Writing Your Own Obituary

Man Writing ObituaryPondering your own death can be considered pessimistic, depressing, or morbid. What’s the point anyway? You’ll be gone, so it’s not your problem, right?

That might be the wrong attitude. Contemplating what will happen after you die—not in heaven or through reincarnation, but in the days on Earth just after your last breath—can be a responsible decision. Many funeral homes provide the option of prearranging your funeral, both logistically and financially. Among the customs following death is writing an obituary. You can probably name several people who know you well enough to take care of that for you, but why not do it yourself?

Preservation of Personality
Writing your own obituary can preserve a piece of your individuality. Steve Wright of Wright Funeral Home, Moorhead, says, “I think the best person to write the basis of an obituary is the person who lived the life.” He explains that even those dearest to us cannot come close to painting an exact reflection of our unique existence. Would the person who knows you best capture your wit? Are you sure the accomplishment you valued most will be remembered?

Wright references two mindsets: those who want an obituary that covers their life from A to Z and those who stick to the bare facts. Writing for yourself ensures that your obituary will not leave out things that were important or flaunt things that were not.

Your obituary will be read by people who knew you well, seeking a happy memory, and by people who barely knew you at all but want one last chance to learn who you were. It may be your last biographical clip. Why not make it an autobiography?

Favor for Survivors
If you aren’t drawn by the personal motive to write about yourself, consider those you will leave behind. The period between a death and a funeral is brief, busy, and emotional. Amidst their grief, your relatives are responsible for planning a memorial ceremony, a burial, and any number of other funeral traditions. Even their best effort to honor your life in your obituary may be plagued by sorrow and further limited by a quick deadline for publication to announce the interment.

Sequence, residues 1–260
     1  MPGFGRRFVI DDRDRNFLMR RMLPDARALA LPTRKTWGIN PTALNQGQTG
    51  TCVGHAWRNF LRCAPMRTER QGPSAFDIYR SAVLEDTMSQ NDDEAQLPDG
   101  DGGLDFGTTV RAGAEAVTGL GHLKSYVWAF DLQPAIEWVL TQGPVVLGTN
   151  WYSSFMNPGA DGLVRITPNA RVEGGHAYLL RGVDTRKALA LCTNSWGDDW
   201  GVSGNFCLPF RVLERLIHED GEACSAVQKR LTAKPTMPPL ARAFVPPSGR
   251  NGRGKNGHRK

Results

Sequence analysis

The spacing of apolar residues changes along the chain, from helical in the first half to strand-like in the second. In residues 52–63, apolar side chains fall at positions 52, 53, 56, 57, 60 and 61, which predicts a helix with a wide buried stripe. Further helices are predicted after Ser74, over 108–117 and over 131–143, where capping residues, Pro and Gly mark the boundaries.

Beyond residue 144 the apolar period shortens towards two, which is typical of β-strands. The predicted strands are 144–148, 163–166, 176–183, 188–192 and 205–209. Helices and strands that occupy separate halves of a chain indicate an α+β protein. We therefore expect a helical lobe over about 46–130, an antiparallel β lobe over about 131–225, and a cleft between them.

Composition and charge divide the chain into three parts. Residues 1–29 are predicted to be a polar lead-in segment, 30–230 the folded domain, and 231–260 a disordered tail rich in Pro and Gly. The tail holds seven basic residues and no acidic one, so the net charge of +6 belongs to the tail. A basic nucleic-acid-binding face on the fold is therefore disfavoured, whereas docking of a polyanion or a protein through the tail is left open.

Prearranging your funeral can be a final act of kindness toward your loved ones. Michele Walloch, Boulger Funeral Home, Fargo, notes that writing your own obituary is not a required part of prearranging, but it is one simple step to relieve your survivors. Likewise, if you choose not to prearrange your funeral, storing a copy of your self-written obituary with someone you trust will still reduce one obligation for whoever is in charge of arranging your funeral. Even providing a brief outline of your obituary can ease the burden of the person responsible for recalling your full timeline. With the basis of your life drafted, your loved ones can focus on their best memories of you to highlight the good times.

Improved Motivation for Life
If you think you are too young to be contemplating your death, think instead about your life. If something unexpected happened, would you be satisfied with the summation of your existence? Writing your own obituary can be a thorough evaluation of the life you are presently living and a way to motivate change. If you are unsatisfied with your personal summary, make time now to improve it. The Warner Bros. film, “The Bucket List” (2007), inspired audiences to consider their own lists of life desires. Have you marked anything off your list lately? Take the opportunity to alter your lifestyle and reprioritize your goals. Be proactive to ensure your ultimate obituary, whether written by you or someone else, reflects a life that makes you proud.